There are only limited number of reports on the treatment results of adjuvant CRT after D2 nodal dissection, including two randomized trials [6,7] and several non-randomized single institution studies [8-11]. Treatment result of advanced stage patients comparable to this study was reported in two retrospective series. The 5-year survival rate of stage IIIB patients after PORT was 45% in a study by Lim et al. [8] and 50% in a study by Kim et al. [11], which is comparable to current series. Grade 3 or more GI toxicity rate was also similar with other studies (8% vs. 5-12%, retrospectively) [6-11]. In adjuvant chemotherapy alone trials [3,12] with D2 lymph node dissection, majority of patients had T2 or T3 disease and only 0% to 2.6% of patients had T4 disease. Despite use of adjuvant chemotherapy, peritoneum was the most common site of recurrence in both studies, partly reflecting the nature of this disease. The Polish Gastric Cancer Study Group conducted multicenter clinical trial [13] with 79% of patients receiving D2 lymph node dissection and 29% of patients having T4 tumor. Local recurrence rate was 16% and 5-year survival rate was 44% with adjuvant chemotherapy alone. In contrast, despite small number, present study showed less local recurrence rate (8%) with more T4 disease (54%). Sun et al. [14] reported 5-year survival rate of 25.8% and locoregional recurrence rate of 29.6% without adjuvant treatment for patients with margin involvement after surgery including D2 dissection.
However, findings from current series are drawn from observation of only 13 patients. Thus, in addition to inborn limitations of retrospective analysis, various statistically analyzed end-points are of limited value. The biggest pitfall maybe that some of results that are shown to be statistically insignificant may well be significant, if larger number of patient and in turn events are included for analysis.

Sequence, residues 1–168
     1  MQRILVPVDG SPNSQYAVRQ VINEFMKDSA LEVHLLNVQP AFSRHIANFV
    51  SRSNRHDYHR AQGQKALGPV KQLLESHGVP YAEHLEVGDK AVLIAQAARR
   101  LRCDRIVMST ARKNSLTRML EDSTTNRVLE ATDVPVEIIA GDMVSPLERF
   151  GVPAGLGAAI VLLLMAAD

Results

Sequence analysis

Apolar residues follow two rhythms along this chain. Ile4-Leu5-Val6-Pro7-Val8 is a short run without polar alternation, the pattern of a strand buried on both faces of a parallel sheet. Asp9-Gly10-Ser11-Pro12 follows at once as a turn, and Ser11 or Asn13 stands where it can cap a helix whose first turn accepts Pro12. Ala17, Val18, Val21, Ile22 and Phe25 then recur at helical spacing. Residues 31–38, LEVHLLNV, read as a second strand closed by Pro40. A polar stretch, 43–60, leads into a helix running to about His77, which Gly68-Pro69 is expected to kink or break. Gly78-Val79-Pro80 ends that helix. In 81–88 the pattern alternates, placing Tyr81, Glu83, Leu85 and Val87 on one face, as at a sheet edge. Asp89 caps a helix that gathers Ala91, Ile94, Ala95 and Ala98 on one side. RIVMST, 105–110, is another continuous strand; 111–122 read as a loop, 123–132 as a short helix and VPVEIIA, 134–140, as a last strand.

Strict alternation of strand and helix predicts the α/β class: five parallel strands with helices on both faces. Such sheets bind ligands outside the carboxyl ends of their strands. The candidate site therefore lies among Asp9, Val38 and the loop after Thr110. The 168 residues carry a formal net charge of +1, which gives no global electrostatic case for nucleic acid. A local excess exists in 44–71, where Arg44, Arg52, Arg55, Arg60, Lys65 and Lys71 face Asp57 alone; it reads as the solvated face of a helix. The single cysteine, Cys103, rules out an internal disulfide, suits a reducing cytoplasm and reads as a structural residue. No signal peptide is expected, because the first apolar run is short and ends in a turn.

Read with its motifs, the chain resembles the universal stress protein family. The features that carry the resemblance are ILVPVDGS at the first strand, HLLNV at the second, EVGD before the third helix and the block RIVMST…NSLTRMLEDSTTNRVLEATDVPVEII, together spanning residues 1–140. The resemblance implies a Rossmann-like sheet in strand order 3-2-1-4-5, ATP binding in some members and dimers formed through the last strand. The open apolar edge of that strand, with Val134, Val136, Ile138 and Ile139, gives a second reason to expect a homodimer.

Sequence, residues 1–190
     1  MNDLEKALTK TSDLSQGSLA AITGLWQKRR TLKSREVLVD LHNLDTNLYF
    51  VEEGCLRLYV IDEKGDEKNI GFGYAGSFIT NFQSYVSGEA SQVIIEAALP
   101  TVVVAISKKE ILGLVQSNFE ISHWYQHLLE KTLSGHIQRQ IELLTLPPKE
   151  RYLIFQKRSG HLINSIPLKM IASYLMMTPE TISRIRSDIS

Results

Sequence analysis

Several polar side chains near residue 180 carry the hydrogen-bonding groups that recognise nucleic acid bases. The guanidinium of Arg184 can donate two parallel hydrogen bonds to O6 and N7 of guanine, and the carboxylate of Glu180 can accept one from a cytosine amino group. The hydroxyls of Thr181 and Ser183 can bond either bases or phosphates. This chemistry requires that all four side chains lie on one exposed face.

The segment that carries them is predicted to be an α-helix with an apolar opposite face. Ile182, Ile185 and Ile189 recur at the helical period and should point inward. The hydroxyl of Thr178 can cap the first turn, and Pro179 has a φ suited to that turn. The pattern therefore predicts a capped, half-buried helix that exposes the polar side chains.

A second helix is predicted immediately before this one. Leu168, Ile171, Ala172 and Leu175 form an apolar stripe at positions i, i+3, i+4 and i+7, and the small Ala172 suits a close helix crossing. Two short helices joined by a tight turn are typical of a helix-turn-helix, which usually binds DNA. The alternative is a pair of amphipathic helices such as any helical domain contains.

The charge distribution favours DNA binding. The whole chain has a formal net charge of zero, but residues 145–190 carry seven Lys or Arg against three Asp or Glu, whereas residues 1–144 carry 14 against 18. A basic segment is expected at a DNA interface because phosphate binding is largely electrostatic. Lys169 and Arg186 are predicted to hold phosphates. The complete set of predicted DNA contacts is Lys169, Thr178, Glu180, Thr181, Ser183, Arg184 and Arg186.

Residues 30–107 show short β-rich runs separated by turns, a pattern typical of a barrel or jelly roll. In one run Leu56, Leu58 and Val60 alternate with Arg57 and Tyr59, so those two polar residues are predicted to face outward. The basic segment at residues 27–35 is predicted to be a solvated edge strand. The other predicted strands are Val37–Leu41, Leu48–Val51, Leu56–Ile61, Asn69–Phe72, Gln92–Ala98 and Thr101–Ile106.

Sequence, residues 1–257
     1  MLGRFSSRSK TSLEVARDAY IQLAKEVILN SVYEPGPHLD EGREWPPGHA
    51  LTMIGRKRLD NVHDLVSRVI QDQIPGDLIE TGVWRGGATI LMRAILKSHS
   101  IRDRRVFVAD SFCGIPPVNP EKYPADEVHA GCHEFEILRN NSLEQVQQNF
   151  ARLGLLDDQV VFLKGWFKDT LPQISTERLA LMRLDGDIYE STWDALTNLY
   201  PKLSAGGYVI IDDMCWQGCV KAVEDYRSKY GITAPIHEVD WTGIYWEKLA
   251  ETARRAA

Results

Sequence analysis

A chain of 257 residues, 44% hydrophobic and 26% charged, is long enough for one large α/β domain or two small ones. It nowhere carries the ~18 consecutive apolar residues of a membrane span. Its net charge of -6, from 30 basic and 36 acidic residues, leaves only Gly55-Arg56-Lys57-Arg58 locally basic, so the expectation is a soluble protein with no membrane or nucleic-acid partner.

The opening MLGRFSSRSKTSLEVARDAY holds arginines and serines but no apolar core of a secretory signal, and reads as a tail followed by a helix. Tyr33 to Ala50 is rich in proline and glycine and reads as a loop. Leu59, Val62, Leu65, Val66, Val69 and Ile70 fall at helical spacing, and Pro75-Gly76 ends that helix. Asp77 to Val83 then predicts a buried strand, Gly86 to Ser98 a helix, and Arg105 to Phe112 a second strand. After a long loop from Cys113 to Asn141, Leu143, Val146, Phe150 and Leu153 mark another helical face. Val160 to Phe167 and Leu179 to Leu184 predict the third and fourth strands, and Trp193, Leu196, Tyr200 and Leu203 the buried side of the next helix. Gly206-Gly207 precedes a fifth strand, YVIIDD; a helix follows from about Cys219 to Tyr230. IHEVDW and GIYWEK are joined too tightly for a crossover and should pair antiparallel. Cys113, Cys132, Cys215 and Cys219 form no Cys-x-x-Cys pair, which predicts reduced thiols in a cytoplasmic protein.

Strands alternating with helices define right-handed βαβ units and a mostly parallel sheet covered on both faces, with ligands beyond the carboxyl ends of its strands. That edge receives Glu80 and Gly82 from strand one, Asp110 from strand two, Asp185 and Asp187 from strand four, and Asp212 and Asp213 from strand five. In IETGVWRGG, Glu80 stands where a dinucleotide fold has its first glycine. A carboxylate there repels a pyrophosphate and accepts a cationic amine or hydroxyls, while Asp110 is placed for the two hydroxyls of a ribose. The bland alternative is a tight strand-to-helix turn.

In conclusion, despite reported suggested role of adjuvant radiotherapy with combination chemotherapy in gastric cancer, only very small portion of the patients underwent the treatment. PORT for high risk locally advanced gastric cancer resulted in excellent locoregional control with acceptable treatment-related morbidity, which was also comparable with other series. Postoperative CRT in addition to definitive resection and perioperative chemotherapy may provide improved treatment result in terms of locoregional control in these high risk patients. However, as these results are from small size retrospective series from single institution, suggestions from current studies should be validated with larger cohort from either large volume center or multiple small volume centers.


No potential conflict of interest relevant to this article was reported.


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Fig. 1
Dose distribution examples of (A) distal margin involved and (B) proximal margin involved patient. Darker shade in each figure indicates reduced planning target volume for respective margin involvement.
Fig. 2
Overall survival and disease-free survival curves.
Table 1
Patient and tumor characteristics

LN, lymph node; RT, radiotherapy; FP, 5-flurouracil andcisplatin; X, capecitabine; S, S-1; NED, no evidence of disease; DWD, dead with disease; AWD, alive with disease.

a)Grouped according to the American Joint Committee on Cancer Staging, 7th edition. b)Cause of death unknown.